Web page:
Today, we started round 2. The baseline ultrasound looked good, and I am set to start meds on Saturday. This round, we will use Femara and Follistim. Our next ultrasound to check on how things are going will be next Friday.  We will update then!

A Man’s View

Written by: Lee

It is awesome. Throughout the whole process, all I have heard is how supportive, “how supportive your husband is being.”  That is crazy to me that I am there more than other men. Those who know me, know that I have issues with noticing when people are not okay.  So, to all the guys that hide in the corner, behind the curtain, or will not even go into the room, stop it! Your wife is under enough stress with things that are out of both of your control, so be there for her.  Throughout this whole process of me getting check and only having 2% strong sperm, the rest have ADHD (actually, they’re deformed) ,Amanda not ovulating, all the doctor visits, all the meds, even the crazy 30 day diet, we are entering the last phase of the process.

Amanda & Catherine went to the doctor on Wednesday to see if we had a mature egg. We did not. I was kind of crushed, looking into Amanda’s eyes, she looked like she thought she was a failure. I tried to be strong for her, tell her Friday at our next appointment, all would be okay.  It was. We had 2 eggs. One just over 16 mm and one around 14 mm.  The rest were all small, so that is a good thing. Too many eggs would mean the procedure couldn’t be done due to the chances of them all being fertilized or splitting, so again another bullet dodged.  By the way, the nurses are awesome at answering all my crazy questions.

On our way back to the car after the good news, I told Amanda I was kind of nervous for a little while about the appointment that morning.  She said, “you never showed me even the slightest bit of nervousness this whole time.” I said “I have to stay strong for you”, and she asked, “why”? If you look up anxiety in the dictionary, it would be a one word definition– women, and under that it would be a picture of Amanda, so I have to be your rock. You have enough to worry about.

Tonight, Catherine will give Amanda the trigger shot to induce ovulation, and we will go in for the IUI on Monday!! Wish us luck! We may be quiet on the blog for a little while, so we can let family know the results first before we post.

Post-Femora Quick Update

This morning, I had an ultrasound and blood work to see how Femara is working and set a plan for moving forward with the trigger shot and IUI. Lee was unable to attend the appointment, so my wonderful bestie was my stand-in hubby today! 🙂 Unfortunately, we do not have a mature egg yet, but there has been growth since the last ultrasound.  My left ovary has 2 follicles measuring at 11.86 and 10.48, and my right ovary has 2 follicles measuring at 10.19 and 9.29.  They were looking for a measurement of around 16 to indicate a mature egg.  In the left ovary, you can see the largest follicle in the picture. We will go for another ultrasound and bloodwork on Friday to re-check and see if the eggs have matured.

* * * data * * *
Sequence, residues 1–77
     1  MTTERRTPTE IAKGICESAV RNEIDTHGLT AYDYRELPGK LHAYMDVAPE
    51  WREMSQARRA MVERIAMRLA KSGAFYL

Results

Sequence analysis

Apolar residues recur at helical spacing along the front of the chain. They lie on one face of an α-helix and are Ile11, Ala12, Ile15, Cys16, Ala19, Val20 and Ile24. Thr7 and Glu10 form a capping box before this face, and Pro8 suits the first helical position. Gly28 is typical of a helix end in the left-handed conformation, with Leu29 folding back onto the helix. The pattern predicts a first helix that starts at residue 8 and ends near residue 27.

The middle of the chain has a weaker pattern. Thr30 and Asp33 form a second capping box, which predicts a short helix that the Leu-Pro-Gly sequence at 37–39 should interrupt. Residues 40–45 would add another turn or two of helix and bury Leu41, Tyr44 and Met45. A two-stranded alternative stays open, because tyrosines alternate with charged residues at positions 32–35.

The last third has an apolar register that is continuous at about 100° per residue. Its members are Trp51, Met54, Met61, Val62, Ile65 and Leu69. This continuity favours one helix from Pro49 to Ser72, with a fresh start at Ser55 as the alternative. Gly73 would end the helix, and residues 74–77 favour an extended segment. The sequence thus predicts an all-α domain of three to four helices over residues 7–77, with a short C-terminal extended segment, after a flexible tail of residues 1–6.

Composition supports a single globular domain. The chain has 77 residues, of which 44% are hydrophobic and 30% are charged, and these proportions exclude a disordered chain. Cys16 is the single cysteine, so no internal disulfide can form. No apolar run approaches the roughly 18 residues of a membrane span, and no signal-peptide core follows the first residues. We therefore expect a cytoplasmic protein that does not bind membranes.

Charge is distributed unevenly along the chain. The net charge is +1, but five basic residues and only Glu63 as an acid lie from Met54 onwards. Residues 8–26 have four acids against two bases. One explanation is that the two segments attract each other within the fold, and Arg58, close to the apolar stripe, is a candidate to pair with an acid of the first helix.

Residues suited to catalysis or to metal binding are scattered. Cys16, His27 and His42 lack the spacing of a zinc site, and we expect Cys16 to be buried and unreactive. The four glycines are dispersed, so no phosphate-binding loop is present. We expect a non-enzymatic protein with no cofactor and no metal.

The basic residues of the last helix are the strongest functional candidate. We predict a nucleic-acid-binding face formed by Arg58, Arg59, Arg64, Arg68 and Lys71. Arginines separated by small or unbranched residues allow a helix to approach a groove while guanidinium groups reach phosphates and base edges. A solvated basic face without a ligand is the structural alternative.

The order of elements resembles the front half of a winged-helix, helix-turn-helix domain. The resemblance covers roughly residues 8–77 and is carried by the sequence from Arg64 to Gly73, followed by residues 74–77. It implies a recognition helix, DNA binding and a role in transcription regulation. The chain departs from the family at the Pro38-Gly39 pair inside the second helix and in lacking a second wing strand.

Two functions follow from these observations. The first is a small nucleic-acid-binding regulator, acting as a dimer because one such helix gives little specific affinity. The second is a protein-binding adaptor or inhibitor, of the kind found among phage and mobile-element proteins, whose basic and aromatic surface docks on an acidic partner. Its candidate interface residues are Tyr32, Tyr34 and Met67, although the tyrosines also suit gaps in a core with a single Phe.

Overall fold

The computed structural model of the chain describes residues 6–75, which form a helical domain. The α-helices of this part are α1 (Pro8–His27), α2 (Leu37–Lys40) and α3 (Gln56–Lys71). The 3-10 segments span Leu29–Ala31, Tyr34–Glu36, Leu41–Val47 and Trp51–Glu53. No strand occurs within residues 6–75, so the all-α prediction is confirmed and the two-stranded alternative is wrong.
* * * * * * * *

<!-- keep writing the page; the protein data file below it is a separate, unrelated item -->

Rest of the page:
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Here We Go!….

This week has been very exciting and tough all at the same time! I’m a little late updating the blog because we’ve been dealing with a sick dog all week.  On Sunday, we came home to a murder scene of blood in our house, and a very sick dog.  We took her to the ER vet, and they diagnosed her with hemorrhagic gastroenteritis–basically, inflammation in her intestines that was causing bleeding.

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On Monday, we did not think she was going to make it. She was trying to become septic (sugars dropping, almost hypothermic, WBC dropping, RBC dangerously high).  Tuesday, she started to turn around, and she got better and better each day. We were finally able to bring her home yesterday afternoon! (on LOTS of meds, but she’s home!)

 

After our morning visit with Benelli on Monday, we headed straight for the fertility clinic to begin treatment.  We did an ultrasound to check and make sure everything looked good to start treatments, and it all looked great.  Lee was fascinated! He made the tech explain everything she was looking at on the ultrasound. She happily did! She said most men hide in the corner and want nothing to do with what is going on.

After the ultrasound, we met with the nurse to discuss the plan.  They decided to use the medicine Femara, and they prescribed me 10 2.5mg pills to be taken all at once that night! So far, I’ve only had a few hot flashes, cried once or twice, a headache, and a little achy-ness.  Next Wednesday, I will go for another ultrasound and blood work. If one of those little dots turns into a big dot, I will give myself a trigger shot that night! (When I say “I will give myself”, I mean my nurse best friend will give me a shot- what would I do without Catherine!?)  (Side Note: Fertility meds are expensive! The Femara and HCG shot were not covered by my insurance.) If all goes well and there is an egg on the ultrasound next week, we will schedule the IUI 36-48 hours after the trigger shot.

Don’t forget we have the Infertility Awareness Fun Run coming up on April 8th in Metairie! If our first IUI is successful, we will donate our tickets to another couple.  We get 1 ticket for every person that joins our team and 10 tickets for every $250 raised! The grand prizes include IVF cycles and a $10,000 family building grant.